Nestled along a quiet residential street in downtown Fort Wayne, an unassuming barn-like structure comes to life once per week with the vibrant sights, sounds, and smells of one of Fort Wayne’s oldest community staples. The Historic South Side Farmers Market lives up to its name―the weekly market been an agricultural and commercial pillar of Fort Wayne for nearly a century. Located on 3300 Warsaw Street, it hosts dozens of vendors every Saturday between Easter and mid-December from 7 AM to 1 PM.
Strolling through the two long wings of the market’s H-shaped building, you’ll find a bit of everything: vendors on the west side offer local produce, hormone-free meat, eggs, honey, preserves, baked goods, herbs, and more. The east side houses a flea market with antiques, handcrafts, books, and jewelry. South Side Farmers Market has been a Saturday morning tradition for patrons and vendors since 1926, and continues to draw crowds who resonate with the quality food, community engagement, and local business that it fosters.
In addition to its regular fare, the South Side Farmers Market also has a variety of seasonal offerings and special events throughout the year. Earlier this year, Indiana State Representative Phil GiaQuinta partnered with the Indiana Department of Natural Resources to give away free tree seedlings to South Side Farmers Market patrons. During my recent visit to the market, I noticed a beautiful array of flowers and plants available for the summer months. Perfect for front porches like mine that desperately need a refreshing pop of color as the weather warms up!
Ann DeGrandchamp, Secretary of the Allen County Ag. Producers, has witnessed the long history of South Side Farmers Market firsthand. Her grandfather, Frederick J. Schlup, was an Aboite Township farmer who helped to organize and build the market 92 years ago. South Side Farmers Market played a central role in future generations of DeGrandchamp’s family, as her father Richard T. Schlup continued to be closely involved with the South Side Farmers Market as he pursued the family produce business.
With such an extensive track record of family involvement, DeGrandchamp considers the market to be “in her blood,” and still participates as a board member and as a vendor with her husband Jack and son Daryl. South Side Farmers Market holds a special place in her heart, just as it does for many of its regular patrons.
“I’m pretty attached to the market,” says DeGrandchamp. “I’m pretty attached to healthy eating too. While there is a lot to enjoy about the market, I’d have to say my favorite aspect is the opportunity to sell―and buy myself―the various fresh produce that is in season.”
DeGrandchamp is far from alone in valuing local and seasonal food―a 2014 study showed that 83% of Americans consider sustainability and 89% consider where a product is produced when making food purchasing decisions. The “locavore” and seasonal eating movements have gained traction in recent years, and many Fort Wayne families and individuals are beginning to think more critically about where their food comes from and how it’s produced. South Side Farmers Market is an invaluable community resource for those who want to eat seasonally, buy locally, and form relationships with the farmers who provide for the Fort Wayne community.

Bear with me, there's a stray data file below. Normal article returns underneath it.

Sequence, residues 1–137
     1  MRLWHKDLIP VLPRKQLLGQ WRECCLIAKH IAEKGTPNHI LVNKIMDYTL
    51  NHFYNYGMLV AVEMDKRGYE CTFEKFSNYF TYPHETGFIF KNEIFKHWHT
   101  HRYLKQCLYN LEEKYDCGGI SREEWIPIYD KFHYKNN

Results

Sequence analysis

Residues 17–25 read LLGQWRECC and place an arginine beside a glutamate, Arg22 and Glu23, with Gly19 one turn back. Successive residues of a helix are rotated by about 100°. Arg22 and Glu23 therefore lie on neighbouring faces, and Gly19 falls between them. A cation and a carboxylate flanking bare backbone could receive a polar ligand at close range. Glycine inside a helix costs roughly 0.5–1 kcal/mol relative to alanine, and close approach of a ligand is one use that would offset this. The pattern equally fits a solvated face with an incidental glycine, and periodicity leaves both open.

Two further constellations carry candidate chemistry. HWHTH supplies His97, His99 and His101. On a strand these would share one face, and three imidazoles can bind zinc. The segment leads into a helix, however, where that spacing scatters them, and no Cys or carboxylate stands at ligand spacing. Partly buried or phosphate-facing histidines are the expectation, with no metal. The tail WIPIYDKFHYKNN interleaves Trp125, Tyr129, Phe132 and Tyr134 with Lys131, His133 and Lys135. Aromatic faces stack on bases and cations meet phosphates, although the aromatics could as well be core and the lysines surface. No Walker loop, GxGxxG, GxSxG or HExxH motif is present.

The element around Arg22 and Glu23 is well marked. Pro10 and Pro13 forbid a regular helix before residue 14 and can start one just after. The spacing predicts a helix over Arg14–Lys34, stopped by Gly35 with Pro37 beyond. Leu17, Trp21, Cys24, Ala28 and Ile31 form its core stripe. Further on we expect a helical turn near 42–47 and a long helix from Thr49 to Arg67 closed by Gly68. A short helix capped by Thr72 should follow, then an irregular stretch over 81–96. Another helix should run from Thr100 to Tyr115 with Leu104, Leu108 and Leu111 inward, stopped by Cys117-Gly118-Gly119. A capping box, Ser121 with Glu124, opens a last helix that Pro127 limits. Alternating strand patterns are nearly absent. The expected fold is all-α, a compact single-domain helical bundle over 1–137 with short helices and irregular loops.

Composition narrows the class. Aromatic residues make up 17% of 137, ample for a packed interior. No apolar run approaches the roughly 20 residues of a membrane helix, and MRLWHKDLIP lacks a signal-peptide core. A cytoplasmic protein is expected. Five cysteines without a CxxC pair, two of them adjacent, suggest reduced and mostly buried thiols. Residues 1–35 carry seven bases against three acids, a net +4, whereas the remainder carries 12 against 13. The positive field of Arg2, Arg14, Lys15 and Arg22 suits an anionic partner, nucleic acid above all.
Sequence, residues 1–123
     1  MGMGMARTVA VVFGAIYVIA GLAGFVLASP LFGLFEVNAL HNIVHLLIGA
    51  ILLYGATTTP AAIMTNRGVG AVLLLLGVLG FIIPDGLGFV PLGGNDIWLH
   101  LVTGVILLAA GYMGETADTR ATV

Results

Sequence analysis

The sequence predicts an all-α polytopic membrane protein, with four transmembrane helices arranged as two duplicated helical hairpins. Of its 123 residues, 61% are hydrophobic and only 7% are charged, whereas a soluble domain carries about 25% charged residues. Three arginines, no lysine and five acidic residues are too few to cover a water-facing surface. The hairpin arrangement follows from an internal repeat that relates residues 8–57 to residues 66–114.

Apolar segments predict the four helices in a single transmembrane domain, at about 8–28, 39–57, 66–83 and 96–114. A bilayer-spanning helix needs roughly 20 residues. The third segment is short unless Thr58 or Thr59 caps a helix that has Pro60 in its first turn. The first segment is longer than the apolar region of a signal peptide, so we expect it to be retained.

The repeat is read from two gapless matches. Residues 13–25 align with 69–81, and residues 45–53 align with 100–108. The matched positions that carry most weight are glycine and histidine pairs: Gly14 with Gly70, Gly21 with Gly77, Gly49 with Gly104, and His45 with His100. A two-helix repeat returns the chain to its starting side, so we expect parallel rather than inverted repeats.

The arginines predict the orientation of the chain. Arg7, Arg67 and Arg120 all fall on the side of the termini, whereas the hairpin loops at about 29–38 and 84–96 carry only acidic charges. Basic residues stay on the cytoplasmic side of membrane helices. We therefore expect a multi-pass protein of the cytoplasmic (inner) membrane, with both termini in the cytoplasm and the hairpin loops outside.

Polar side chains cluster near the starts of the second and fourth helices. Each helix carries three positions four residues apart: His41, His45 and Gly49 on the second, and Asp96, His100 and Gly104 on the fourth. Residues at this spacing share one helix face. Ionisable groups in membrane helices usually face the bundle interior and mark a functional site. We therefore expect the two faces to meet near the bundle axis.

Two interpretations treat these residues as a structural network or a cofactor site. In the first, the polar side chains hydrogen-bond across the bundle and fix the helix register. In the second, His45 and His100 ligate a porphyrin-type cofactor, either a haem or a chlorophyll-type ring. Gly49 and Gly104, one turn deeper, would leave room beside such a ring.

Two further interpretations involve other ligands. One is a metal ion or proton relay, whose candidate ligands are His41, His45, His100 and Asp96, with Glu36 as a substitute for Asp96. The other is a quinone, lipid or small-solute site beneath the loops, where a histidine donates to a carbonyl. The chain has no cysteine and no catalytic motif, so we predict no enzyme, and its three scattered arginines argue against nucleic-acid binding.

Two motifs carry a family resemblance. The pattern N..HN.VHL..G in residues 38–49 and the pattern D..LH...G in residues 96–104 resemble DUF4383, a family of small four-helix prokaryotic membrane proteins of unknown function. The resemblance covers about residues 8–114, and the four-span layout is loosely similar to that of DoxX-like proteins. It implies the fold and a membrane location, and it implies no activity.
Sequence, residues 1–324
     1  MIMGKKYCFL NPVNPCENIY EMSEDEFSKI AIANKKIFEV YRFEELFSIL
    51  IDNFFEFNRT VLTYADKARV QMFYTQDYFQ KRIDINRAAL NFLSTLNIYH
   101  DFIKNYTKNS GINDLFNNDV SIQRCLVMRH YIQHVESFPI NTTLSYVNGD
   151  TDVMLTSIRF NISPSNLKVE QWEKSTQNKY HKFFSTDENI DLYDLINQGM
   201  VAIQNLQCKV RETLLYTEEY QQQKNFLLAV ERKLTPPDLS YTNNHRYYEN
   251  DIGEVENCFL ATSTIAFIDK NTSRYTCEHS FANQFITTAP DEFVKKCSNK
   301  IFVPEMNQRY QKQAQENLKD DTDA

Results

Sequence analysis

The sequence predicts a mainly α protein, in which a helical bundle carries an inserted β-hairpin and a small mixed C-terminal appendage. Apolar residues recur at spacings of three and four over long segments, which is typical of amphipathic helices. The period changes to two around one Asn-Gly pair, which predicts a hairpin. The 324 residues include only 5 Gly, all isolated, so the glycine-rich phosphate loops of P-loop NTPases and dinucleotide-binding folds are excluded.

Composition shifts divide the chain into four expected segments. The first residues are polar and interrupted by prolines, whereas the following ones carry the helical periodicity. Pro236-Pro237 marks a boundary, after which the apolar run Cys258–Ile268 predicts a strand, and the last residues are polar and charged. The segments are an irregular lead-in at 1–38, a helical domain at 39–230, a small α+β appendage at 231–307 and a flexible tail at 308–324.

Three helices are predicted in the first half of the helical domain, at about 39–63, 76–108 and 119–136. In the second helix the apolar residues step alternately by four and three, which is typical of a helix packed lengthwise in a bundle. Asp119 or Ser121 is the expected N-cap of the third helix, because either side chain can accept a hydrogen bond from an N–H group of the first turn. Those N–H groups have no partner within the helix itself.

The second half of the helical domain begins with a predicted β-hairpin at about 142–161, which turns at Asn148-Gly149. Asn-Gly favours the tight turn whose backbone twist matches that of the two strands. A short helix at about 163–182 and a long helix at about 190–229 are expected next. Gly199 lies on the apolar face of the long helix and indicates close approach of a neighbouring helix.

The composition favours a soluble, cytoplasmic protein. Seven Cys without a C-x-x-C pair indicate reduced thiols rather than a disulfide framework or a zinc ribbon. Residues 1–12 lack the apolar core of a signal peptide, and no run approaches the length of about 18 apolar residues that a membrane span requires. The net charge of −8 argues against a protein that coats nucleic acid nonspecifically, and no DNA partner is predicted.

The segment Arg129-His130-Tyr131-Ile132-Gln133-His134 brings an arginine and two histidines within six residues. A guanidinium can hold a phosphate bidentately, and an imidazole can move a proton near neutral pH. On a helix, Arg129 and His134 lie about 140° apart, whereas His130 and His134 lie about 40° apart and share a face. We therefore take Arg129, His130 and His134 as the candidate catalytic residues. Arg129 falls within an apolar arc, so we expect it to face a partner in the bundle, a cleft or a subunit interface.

It’s easy to see why DeGrandchamp speaks highly of South Side Farmers Market. Entering the marketplace, patrons are met with an immediate sense of a close-knit community. She notes that “the history of the market” is what set it apart from others in the area:
“So many customers comment that they’ve been coming to market their entire lives, or hadn’t been there since they were a child… The vendors develop a relationship with the ‘regulars’ and it truly feels like a mixture of family gathering there on Saturday mornings.”
That laid-back family atmosphere is apropos for a relaxed summer morning―the market is busy yet calm as patrons leisurely browse the offerings of vendors who are open to questions or a friendly chat. Vendors arrange their products with care in simple displays, letting the vivid colors of the ripe produce shine. The 92-year-old building is well-loved and its historical charm beautifully maintained. The center of the market is even dotted with wood-burning stoves, where patrons are encouraged to have a seat and warm up on rainy days.
“It provides a covered shelter that can withstand any kind of weather that Mother Nature sends our way―at least for the past 90 years,” jokes DeGrandchamp.
The Historic South Side Farmers Market has withstood not only the test of weather, but of time, remaining just as relevant and important for Fort Wayne families as it was nearly a century ago. It is a place where patrons value the quality of their food and their relationships with local farmers, and they are valued by the vendors and market organizers in return. That, to me, is the very definition of community.